Multibillion E&Fs Struggle with Resource Limitations when Evaluating Managers

By Aziza Kasumov July 23, 2019

“If [the endowments] get bigger … is their staff going to continue to grow and grow and grow? That didn’t turn out to be the case,” Tom Donahoe, managing director of outsourced CIO (OCIO) search and governance at Manager Analysis Services, tells FundFire.

The size of an in-house investment office appears to have a “definite ceiling,” Donahoe and Chris Cutler, founder of Manager Analysis Services, write in the research paper.

Manager Analysis Services looked at 35 organizations, with assets ranging from $90 million to $11.3 billion, purposefully leaving out outliers such as the wealthiest Ivy League schools and other mega endowments. The firm also broke out the staff structure for the 10 largest endowments in its sample size, which revealed that even among in-house teams north of the $1.5 billion asset mark, resources might be tight.

Manager Analysis Services’ research also laid out sample organizational charts for endowments of varying asset sizes. An organization with around $11 billion in assets under management typically had a CIO, four or five people in senior management, two people in operations, and an executive assistant, says Donahoe. “That leaves you with … five people who are doing stock analysis, and they only have a certain bandwidth, as talented as they may be,” Donahoe says. “Even if you have this person on your staff, they’re not sitting there 40 hours a week analyzing managers,” he adds.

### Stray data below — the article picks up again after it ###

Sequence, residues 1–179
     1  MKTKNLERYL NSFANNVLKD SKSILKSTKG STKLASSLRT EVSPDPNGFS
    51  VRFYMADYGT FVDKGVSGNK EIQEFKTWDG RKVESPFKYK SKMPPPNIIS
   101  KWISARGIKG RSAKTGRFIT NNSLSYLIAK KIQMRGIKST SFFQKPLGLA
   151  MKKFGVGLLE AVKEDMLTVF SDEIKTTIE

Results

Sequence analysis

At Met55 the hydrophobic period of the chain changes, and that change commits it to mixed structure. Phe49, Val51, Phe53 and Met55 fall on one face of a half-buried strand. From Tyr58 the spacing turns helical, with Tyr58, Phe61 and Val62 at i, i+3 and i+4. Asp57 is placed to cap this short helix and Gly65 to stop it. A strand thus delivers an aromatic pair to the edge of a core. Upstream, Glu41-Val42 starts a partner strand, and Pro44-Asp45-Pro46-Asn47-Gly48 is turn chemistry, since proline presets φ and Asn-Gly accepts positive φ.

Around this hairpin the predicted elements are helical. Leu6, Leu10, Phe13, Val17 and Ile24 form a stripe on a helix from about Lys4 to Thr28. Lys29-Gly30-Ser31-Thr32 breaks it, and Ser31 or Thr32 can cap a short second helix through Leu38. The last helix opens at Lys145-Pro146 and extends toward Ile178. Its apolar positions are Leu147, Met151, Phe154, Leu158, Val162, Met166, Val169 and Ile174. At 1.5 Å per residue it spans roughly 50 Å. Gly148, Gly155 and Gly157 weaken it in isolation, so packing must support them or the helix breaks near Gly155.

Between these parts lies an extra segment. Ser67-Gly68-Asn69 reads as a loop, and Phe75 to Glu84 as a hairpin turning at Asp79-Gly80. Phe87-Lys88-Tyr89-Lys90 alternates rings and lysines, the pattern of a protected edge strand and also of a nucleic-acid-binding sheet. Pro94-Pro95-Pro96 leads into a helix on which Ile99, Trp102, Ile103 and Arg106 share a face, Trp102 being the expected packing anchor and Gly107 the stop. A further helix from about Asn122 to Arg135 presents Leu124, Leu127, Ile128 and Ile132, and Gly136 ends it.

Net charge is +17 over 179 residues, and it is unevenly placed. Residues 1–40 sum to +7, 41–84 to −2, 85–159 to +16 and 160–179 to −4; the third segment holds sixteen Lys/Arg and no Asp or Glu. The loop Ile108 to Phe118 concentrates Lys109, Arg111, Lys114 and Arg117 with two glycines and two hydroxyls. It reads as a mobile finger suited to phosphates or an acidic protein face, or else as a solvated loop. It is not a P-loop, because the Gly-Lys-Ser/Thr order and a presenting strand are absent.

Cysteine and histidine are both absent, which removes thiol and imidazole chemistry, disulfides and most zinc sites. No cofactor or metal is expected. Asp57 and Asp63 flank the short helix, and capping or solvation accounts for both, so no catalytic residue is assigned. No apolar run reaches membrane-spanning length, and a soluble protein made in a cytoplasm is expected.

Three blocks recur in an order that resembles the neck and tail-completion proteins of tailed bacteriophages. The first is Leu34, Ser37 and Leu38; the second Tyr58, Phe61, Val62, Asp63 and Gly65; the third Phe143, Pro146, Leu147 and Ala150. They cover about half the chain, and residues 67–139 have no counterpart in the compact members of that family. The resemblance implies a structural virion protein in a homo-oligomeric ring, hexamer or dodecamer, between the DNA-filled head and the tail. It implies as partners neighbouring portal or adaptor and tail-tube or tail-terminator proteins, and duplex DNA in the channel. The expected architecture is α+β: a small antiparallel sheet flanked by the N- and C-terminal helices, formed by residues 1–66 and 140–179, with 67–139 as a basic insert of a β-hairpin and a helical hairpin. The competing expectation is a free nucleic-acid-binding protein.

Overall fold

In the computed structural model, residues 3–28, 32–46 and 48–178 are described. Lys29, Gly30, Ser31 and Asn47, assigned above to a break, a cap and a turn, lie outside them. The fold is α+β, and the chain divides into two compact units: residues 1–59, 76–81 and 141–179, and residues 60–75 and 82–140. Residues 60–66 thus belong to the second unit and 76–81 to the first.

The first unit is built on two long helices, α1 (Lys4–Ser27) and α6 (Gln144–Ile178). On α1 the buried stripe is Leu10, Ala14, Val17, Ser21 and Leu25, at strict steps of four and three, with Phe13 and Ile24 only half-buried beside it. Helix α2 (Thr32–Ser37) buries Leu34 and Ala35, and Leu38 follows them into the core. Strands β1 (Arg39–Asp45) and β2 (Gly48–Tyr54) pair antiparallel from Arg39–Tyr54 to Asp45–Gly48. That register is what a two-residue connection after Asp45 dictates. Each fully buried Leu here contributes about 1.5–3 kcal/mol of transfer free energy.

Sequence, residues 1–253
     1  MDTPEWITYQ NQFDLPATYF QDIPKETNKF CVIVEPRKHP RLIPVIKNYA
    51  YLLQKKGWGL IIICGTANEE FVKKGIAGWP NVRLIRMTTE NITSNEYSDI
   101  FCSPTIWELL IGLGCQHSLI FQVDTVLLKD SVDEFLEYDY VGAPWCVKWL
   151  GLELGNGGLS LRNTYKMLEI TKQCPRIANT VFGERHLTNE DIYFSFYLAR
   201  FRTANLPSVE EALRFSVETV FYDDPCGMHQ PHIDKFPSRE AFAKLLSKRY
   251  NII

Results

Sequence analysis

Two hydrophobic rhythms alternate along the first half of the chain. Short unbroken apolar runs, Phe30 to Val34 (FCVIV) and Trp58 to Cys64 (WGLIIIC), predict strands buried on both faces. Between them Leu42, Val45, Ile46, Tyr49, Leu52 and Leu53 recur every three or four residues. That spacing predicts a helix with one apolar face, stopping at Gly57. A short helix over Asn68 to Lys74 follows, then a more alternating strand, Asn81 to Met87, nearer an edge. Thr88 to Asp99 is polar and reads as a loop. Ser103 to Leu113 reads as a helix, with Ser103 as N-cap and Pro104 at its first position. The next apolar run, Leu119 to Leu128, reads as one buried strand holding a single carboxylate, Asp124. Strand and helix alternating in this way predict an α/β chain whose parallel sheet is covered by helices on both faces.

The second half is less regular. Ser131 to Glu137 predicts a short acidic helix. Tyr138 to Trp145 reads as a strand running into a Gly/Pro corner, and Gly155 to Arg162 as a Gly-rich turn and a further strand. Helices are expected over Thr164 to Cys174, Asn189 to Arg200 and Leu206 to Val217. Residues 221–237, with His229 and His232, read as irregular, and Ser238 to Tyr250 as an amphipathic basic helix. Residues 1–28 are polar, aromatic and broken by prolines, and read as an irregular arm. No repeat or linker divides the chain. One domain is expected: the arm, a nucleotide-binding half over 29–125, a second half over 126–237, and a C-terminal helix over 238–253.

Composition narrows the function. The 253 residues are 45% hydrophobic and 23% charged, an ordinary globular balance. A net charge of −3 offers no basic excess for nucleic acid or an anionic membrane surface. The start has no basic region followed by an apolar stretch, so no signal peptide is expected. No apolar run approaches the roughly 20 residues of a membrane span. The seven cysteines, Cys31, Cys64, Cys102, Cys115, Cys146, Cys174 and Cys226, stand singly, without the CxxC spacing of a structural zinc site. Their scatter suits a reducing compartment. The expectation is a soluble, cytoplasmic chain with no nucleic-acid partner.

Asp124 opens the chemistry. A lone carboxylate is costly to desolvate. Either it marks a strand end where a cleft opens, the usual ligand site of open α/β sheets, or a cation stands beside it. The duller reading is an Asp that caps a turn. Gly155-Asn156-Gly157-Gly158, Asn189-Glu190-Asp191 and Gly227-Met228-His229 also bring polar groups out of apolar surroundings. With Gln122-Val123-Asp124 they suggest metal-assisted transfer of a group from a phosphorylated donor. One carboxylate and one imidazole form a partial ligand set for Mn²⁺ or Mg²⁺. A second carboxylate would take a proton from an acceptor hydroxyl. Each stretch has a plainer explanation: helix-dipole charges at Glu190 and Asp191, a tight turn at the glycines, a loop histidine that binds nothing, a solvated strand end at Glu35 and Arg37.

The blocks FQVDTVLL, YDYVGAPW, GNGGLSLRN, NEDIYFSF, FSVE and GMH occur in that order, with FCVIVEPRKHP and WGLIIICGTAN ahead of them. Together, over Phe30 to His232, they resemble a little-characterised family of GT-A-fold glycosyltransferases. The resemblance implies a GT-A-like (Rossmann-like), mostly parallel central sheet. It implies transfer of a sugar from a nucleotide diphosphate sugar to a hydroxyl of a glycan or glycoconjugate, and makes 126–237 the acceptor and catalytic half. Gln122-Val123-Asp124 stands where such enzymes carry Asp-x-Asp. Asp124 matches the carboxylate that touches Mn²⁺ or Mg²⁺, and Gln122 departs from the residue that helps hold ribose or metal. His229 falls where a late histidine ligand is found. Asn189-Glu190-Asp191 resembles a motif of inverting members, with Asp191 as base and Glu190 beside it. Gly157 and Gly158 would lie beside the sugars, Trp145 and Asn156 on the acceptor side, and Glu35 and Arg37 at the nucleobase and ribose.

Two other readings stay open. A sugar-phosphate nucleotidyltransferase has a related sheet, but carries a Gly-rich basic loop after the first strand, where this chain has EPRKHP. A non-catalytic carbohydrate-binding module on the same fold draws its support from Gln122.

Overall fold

For both traditional and alternative managers, “this space is more limited then you might be thinking,” says Cutler. “If you’re a well-known name, you have a tremendous advantage,” he adds.

The limited resources may provide opportunities for OCIO providers to secure mandates from large endowments, according to the report, which notes that there’s a “tug of war” over whether in-house or OCIO works best in the $750 million to $1 billion AUM range. That asset range was much lower a couple of years ago and has steadily climbed up, both Cutler and Donahoe say.